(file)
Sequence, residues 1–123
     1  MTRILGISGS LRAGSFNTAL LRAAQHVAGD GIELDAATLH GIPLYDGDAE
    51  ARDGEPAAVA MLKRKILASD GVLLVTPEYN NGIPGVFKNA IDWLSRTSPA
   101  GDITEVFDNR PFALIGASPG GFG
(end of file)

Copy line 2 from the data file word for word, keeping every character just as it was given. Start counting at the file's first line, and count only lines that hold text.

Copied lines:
     1  MTRILGISGS LRAGSFNTAL LRAAQHVAGD GIELDAATLH GIPLYDGDAE